|04-04-09, 03:46 PM||#1|
Join Date: Mar 2009
Location: Austin, Texas
Thanked 0 Times in 0 Posts
Dry ice - make your own soda
The fellow at the local DIY beer and wine store said that dry ice will carbonate drinks.
This is good news for me, because every now and then I would like a soda to drink, but avoid them due to what they are packaged in - either plastic or aluminum.
Sure you can recycle the bottle or can, but you are still creating waste from the production of the container, and the process of recycling it over again.
Dry ice supposedly carbonates drinks, and what's even better is that by making your own soda, you can actually make something that is healthier by using real fruit juice and less sugars.
I have never done this though, and I am just repeating what the fellow told me.
So ... has anyone here had sucess with dry ice as a carbonation method ?
One last question for you all : Dry ice is created using CO2 .
In automobiles, CO2 is a pollutant. How are these two CO2 similar / different ?
|04-04-09, 04:55 PM||#2|
Join Date: Mar 2009
Location: Western Wisconsin.
Thanked 82 Times in 71 Posts
they are the same co2, only the one from your car has other impurities, unburnt hydrocarbons, nitrogen oxides, all that, but either way co2 is a green house gas, the co2 that dry ice is made from is a byproduct from some other industry...
I buy my co2 by the bottle/tank, like soda fountains use, but I have also used dry ice, a chunk about the size of a marble will carbonate a 2 litter soda bottle that is half full, fill it fuller with water and you end up with a dry ice bomb... use a larger chunk and you end up with a dry ice bomb, the f bomb kind that kids have used to blow up mail boxes, they sound like a loud gun shot when they explode, not like a wimpy small caliber riffle.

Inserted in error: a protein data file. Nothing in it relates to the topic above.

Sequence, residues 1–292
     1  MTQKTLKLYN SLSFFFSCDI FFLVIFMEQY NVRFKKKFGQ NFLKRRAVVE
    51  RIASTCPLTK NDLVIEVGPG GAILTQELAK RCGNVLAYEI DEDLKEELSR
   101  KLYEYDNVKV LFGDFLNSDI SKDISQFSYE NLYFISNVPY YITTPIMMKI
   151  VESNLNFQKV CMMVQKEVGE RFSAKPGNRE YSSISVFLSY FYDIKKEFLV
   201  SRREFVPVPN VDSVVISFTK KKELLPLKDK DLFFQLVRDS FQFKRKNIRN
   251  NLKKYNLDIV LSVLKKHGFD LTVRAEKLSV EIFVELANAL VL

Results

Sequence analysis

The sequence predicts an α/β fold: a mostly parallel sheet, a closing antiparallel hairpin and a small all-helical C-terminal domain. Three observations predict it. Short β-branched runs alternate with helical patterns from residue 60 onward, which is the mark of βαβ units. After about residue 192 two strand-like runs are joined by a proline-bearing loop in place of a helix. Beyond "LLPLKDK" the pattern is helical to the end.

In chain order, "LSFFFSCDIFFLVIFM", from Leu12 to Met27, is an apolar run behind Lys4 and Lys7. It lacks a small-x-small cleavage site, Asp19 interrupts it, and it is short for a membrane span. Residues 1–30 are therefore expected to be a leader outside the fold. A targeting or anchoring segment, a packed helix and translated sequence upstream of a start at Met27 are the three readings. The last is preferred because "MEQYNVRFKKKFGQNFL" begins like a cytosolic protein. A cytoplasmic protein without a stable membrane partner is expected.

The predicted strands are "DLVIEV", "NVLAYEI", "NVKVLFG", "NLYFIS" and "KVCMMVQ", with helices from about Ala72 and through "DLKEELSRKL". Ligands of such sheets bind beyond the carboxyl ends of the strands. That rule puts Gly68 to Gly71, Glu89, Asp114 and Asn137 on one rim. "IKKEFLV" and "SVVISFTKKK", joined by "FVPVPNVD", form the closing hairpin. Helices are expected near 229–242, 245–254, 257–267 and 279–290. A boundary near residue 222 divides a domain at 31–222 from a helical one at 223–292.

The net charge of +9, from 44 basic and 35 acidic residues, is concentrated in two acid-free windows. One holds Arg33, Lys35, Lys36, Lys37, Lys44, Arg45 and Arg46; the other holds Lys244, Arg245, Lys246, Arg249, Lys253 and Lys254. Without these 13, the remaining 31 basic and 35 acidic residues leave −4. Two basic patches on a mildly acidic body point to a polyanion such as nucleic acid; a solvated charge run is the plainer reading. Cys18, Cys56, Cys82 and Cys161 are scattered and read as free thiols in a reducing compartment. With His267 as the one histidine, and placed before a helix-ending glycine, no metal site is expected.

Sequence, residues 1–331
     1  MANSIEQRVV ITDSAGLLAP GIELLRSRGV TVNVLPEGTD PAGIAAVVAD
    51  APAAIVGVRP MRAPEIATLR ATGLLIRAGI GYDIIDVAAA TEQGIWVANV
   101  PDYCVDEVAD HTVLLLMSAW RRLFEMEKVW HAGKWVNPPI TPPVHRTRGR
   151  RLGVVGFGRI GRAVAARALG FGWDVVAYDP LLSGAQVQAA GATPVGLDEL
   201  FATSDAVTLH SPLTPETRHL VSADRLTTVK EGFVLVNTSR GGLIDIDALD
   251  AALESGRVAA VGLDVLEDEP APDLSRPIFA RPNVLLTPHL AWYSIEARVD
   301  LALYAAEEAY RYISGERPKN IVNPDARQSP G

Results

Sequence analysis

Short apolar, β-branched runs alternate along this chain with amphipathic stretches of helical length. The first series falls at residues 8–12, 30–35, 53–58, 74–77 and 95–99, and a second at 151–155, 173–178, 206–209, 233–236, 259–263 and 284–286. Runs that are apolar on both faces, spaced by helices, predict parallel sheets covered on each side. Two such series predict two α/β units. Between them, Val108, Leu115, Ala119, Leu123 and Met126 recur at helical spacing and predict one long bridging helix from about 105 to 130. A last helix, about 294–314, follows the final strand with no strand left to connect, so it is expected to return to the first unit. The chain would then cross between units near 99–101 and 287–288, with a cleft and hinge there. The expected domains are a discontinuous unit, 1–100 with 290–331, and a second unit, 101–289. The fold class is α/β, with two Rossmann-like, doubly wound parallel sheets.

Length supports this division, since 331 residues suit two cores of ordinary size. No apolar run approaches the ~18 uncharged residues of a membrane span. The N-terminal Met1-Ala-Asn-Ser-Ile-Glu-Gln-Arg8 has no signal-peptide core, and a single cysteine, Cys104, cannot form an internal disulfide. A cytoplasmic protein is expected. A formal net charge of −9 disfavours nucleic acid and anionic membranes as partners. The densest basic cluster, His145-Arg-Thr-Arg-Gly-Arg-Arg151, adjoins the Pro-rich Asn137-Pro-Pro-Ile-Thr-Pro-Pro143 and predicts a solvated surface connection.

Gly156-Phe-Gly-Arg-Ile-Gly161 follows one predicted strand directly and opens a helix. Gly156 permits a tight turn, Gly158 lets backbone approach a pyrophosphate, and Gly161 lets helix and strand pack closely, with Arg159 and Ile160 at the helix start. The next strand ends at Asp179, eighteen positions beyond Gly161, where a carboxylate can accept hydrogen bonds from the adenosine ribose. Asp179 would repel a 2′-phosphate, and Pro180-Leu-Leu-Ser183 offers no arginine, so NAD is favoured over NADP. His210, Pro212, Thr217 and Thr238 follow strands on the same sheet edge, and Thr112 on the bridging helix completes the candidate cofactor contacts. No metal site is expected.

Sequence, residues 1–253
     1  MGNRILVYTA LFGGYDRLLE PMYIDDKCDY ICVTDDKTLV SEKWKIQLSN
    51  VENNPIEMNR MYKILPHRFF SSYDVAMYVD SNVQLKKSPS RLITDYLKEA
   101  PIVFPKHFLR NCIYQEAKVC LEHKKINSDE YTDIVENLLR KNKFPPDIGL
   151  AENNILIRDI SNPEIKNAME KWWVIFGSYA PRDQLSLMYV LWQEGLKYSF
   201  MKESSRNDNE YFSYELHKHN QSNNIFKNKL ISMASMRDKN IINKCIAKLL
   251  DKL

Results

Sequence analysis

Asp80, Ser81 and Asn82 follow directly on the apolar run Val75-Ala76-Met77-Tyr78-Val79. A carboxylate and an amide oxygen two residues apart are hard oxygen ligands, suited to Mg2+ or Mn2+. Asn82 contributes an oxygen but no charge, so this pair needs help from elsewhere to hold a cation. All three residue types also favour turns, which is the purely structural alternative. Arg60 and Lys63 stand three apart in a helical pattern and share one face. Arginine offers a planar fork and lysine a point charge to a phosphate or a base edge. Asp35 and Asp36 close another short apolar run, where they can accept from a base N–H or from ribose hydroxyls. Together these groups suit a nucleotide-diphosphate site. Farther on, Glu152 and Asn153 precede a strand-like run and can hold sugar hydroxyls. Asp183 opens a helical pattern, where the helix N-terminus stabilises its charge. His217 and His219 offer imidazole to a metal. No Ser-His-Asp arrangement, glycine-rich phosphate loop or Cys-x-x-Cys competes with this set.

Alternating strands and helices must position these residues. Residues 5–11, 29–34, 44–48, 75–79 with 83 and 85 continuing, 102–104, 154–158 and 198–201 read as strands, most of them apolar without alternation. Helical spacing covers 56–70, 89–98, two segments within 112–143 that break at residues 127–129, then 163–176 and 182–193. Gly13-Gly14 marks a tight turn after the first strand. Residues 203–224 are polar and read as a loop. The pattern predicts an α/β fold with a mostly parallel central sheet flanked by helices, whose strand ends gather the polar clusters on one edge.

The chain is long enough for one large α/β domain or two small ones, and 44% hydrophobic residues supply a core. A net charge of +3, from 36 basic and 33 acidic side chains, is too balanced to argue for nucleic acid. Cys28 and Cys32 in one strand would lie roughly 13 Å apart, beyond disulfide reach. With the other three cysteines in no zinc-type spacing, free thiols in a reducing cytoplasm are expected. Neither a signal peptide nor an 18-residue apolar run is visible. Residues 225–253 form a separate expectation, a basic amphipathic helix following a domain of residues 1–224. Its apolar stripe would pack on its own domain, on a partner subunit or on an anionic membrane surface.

when you carbonate stuff you want the liquid ice cold as it forms a more stable carbonic acid, co2 also only absorbs in to the surface of the fluid, so you have to create more surface area by shaking it, then let it sit so it can calm down and become a stable carbonated drink, impurities like sugar will also prevent the co2 from absorbing in to the water, that is why pure carbonated water is really sharp and mouton dew is almost flat, if you are doing juice water it down by almost half or the flavor will be to intense to drink and the sugar will be to high to give good fizz.
|co2, homebrew soda, recycling, soda|